How to avoid or reduce your cat scratching your furniture
Scratching is normal behaviour. Cats scratch for two reasons; to keep their claws in good condition and as a communication signal. Scent glands in between the pads of the paws produce a unique smell, which is deposited on the surface that the claws are dragged down. This scent, combined with the visual signal of the scratch marks and discarded claw husks, leaves a reminder signal for the cat and a message for other felines in the area.
Why is my cat scratching indoors?
If your cat has limited or no access to the outdoors – either through their own choice or yours – they will have to maintain good claw condition inside the house. They will find one or two suitable scratching sites and continue to use them, whether this is a cat scratching post or the back of your settee!
If the scratched areas are widespread throughout your home, including areas of conflict like doorways and windows, it is likely that your cat is scratching for communication reasons and feels insecure in these areas. Just like spraying, the most common reason for scratching indoors is the presence of another cat.
The reason for cats to show this behaviour can change over time. If your cat enjoys attention, they might learn that whenever they scratch the furniture you interact with them, so they will carry on scratching.
What can I do if my cat scratches the furniture?
If your cat is scratching furniture or wallpaper to maintain their claws you could:
- protect the scratched item by covering it with thick, shiny plastic sheeting as this is unappealing to cats
- at the same time, obtain a suitable scratching post and put it next to the area where they scratch
- choose a scratching post with a heavy base so it doesn’t topple over or wobble when in use. It should be tall enough to allow your cat to scratch at full stretch – ensure it has a vertical weave to let them drag their claws downwards
- some cats prefer to scratch horizontally (e.g. cats that scratch carpets or stairs) or diagonally so provide a scratching mat to meet these needs
- once your cat is consistently using the new post you can gradually move it to a more convenient location if you wish and then remove the plastic sheeting from the furniture or wallpaper
- cats often like to scratch and stretch after they wake up so you could try placing the scratch post near your cat’s bed.
Each cat in a household should have a scratching post – positioned in different locations to prevent conflict. Some posts are impregnated with catnip, or you could try rubbing quality catnip on the scratch post to entice them – placing pieces of food on the post may also help. Playing with your cat little and often throughout the day and providing toys may help redirect their energy away from scratching.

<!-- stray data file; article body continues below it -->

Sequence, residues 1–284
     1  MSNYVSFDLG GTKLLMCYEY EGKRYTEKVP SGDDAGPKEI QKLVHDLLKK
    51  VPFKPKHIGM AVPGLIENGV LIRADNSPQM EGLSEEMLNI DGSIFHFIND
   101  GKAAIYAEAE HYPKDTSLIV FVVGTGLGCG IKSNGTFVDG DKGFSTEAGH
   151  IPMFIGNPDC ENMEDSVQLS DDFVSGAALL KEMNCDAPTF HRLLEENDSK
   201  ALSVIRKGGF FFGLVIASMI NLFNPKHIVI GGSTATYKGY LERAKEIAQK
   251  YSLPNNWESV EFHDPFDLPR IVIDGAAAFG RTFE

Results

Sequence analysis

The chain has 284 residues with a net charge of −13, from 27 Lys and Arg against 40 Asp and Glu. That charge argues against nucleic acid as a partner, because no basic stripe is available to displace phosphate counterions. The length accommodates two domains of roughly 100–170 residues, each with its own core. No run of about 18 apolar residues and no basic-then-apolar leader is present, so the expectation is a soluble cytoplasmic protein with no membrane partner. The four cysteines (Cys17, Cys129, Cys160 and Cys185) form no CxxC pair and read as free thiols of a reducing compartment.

Scratching to mark territory
If your cat is scratching furniture as a marking behaviour, then try to identify what is worrying the cat in this part of their territory and remedy it. Cover the scratched areas with a protective material and place a scratching post next to them. However, to help your cat to feel secure in their surroundings and permanently stop them scratching the furniture, you will need to identify and deal with what is worrying them. Don’t just provide them with another scratching surface without attending to their feelings of insecurity. You may need guidance from a suitably qualified behaviourist to help identify the cause of their anxiety.
Importance of praise
It is important to remember that cats do not scratch to be naughty. It is a natural behaviour they should be allowed to exhibit. Shouting when your cat scratches your furniture can lead to an increase in frequency as they become more anxious, or learn that scratching can be used for attention seeking. Cats quickly learn that unwanted clawing gets a reaction, but clawing a scratching post doesn’t. Make sure you praise your cat when they claw the scratching post and try not to react if they scratch the furniture.
Help is at hand
The advice given is aimed at encouraging positive behaviours and helping with some behavioural issues. However, it is not individually tailored to a specific cat and the development of behaviours in each cat is unique. The cause of a problem can sometimes be difficult to identify, particularly if it is complex or there are a number of contributing factors.
If your cat has a behavioural problem, it is recommended to discuss the problem with your vet who can refer you to a suitably qualified behaviourist, such as a member of the Association of Pet Behaviour Counsellors (www.apbc.org.uk) or a Certified Clinical Animal Behaviourist (CCAB) that can be found through the Association for the Study of Animal Behaviour (ASAB) at http://asab.nottingham.ac.uk/. Seek help sooner rather than later as it can be more difficult to rectify long-standing issues. Luckily many problems can be resolved, allowing you to enjoy positive companionship with your cat once more.